Vilaseca’s memo a threat to Vermont homeschoolers

by Retta Dunlap

On July 23, 2012, the Commissioner of Education, Armando Vilaseca, wrote a memorandum wishing to “clarify the circumstances under which the Department will and will not accept enrollment notices for processing” for homeschooling families. In it, Vilaseca dictates that families who currently homeschool their children but file their paper work with the state after Labor Day, a date which is not found in statute, can no longer homeschool, and must enroll their children in a public or independent school. This appears to be in violation of Vermont law.

In the second paragraph of the memo, the Commissioner states: “I do not interpret the home study statute in a manner that allows parents to ignore Vermont’s compulsory attendance requirements.” However, in 2000, Karen Maple brought a case to the Vermont Supreme Court in which the Department of Education claimed that Maple’s child, T.M. was not enrolled because of the lack of an Independent Educational Plan and therefore truant. To make a long story short, the Court ruled against the Department of Education and raised three points.

First, Vermont’s home study law was written to be an “enrollment notice” with specific information included. The Commissioner has no authority to approve of the notice. The Court said, “the statute plainly confers no such authority.” This means parents fill out the paper work and give it to the Department to signal their intention to homeschool their child. The parents’ responsibility is to merely tell the proper authorities that their child will be homeschooled.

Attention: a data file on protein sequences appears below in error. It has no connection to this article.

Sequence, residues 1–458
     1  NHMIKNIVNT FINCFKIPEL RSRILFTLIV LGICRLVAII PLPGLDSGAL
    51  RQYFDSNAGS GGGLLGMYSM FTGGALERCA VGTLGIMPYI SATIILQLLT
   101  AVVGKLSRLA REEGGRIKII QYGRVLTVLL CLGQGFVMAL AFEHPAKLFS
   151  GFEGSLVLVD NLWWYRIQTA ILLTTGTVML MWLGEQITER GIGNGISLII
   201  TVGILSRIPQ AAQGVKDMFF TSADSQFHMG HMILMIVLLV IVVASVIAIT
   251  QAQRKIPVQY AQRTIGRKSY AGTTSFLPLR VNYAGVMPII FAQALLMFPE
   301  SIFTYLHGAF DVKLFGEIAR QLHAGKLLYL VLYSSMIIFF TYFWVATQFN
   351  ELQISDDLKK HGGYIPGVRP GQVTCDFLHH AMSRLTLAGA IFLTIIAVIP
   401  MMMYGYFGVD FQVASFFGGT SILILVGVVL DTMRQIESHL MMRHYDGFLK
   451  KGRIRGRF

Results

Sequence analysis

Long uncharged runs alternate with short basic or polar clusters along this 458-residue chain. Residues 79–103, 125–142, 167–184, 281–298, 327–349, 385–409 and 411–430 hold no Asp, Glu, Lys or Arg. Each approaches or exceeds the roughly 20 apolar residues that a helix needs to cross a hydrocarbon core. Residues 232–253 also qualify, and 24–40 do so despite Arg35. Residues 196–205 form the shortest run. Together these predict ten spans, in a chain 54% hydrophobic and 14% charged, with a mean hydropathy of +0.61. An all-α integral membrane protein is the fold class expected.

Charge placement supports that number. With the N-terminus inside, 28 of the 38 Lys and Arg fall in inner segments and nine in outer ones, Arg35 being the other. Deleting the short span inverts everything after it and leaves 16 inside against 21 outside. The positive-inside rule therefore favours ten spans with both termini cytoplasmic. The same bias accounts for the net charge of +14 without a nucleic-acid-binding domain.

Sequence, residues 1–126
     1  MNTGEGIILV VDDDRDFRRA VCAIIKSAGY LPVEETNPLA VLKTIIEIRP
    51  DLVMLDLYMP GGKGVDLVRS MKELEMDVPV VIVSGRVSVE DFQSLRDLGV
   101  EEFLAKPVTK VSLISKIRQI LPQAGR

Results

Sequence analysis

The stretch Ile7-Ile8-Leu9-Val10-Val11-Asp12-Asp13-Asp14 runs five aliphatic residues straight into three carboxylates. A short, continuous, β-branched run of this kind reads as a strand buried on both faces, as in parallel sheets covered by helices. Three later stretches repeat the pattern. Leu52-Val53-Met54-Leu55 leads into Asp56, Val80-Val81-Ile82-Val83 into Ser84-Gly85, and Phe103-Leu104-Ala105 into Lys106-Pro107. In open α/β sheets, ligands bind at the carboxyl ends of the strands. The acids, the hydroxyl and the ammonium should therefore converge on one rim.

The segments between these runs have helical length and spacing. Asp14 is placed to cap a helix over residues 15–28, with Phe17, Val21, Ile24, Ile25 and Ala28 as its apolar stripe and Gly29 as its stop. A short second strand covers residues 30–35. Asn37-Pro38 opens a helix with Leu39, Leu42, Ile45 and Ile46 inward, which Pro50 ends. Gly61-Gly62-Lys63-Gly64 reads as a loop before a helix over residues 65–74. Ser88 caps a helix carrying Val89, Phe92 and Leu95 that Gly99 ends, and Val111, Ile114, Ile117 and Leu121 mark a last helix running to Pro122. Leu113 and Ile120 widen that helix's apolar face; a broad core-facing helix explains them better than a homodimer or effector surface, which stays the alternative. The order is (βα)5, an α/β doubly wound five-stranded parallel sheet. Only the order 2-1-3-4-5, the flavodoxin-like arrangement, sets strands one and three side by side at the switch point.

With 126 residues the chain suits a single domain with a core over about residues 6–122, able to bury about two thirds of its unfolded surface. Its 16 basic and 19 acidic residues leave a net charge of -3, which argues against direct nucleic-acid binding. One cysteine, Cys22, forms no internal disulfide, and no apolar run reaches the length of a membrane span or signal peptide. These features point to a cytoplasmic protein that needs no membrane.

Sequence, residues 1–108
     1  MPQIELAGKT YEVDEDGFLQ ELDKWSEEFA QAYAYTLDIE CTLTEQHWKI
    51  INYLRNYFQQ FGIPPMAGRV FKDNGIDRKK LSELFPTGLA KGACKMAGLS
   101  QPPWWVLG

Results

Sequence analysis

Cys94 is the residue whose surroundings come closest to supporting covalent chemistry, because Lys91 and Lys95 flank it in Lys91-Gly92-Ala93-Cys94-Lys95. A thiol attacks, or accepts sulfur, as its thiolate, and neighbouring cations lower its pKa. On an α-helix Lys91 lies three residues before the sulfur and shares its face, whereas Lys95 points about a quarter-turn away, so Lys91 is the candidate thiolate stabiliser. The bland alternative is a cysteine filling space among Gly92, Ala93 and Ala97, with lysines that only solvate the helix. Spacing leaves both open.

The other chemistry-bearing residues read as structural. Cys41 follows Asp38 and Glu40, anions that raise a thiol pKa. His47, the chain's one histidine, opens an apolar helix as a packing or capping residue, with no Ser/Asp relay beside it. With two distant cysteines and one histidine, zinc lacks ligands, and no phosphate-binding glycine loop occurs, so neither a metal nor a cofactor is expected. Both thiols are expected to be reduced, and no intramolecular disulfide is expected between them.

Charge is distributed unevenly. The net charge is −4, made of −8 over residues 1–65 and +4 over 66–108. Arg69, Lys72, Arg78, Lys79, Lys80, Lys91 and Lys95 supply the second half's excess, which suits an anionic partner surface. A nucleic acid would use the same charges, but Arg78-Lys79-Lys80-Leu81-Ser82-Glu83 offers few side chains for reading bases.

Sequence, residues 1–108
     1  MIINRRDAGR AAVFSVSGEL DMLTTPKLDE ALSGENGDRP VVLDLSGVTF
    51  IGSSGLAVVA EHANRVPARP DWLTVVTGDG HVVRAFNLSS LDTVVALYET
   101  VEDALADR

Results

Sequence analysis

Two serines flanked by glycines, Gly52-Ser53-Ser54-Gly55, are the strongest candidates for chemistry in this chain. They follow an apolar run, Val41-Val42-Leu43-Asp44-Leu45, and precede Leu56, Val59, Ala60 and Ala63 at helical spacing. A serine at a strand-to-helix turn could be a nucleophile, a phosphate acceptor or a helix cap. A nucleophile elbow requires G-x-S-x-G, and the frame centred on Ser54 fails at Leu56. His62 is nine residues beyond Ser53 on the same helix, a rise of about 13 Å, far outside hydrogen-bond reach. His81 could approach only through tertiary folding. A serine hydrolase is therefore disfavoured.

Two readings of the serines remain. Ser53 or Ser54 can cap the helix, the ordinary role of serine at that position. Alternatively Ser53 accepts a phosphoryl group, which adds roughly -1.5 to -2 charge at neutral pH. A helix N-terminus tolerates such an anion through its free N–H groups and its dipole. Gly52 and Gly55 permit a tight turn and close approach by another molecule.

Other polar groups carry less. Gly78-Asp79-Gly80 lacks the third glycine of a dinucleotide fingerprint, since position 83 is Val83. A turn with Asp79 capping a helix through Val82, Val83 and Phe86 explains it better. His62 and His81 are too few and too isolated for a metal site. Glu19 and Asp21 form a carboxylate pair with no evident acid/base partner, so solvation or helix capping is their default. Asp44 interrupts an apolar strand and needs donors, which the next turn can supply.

Second, the Court went on to say that the enrollment process was “plainly designed to expedite the enrollment of children in home-study programs, and to place the burden on the State to preclude enrollment solely by means of a noticed hearing.” The law states that the Department has 45 days to call such a hearing to prevent enrollment. The Court went on to say, “If the Commissioner fails to call for a hearing within forty-five days of receipt of the enrollment notice, the child is enrolled.” Mere receipt of the notice starts the time clock ticking.

Thirdly, since Maple did submit paper work to signal her intentions to homeschool her child, and the Department did not call a hearing within 45 days, her child was indeed, in the eyes of the Court, enrolled in a home study program in spite of all the other issues surrounding this case. The Department misapplied the statute and lost.

Before 1987 and the current home study statute, the Department gave approval of home study programs and would delay long past the first day of school before granting approval thus, according to the Court, making the children “technically truant”. The families tried to follow the compulsory attendance law which said they could choose a home study program, but the Department ignored their efforts. It appears the Department is going to go down that road again, and judging from the Commissioner’s memo, he intends to ignore the fact that the Department has received a notice until it decides if the notice meets its approval: that it was submitted by an arbitrary time.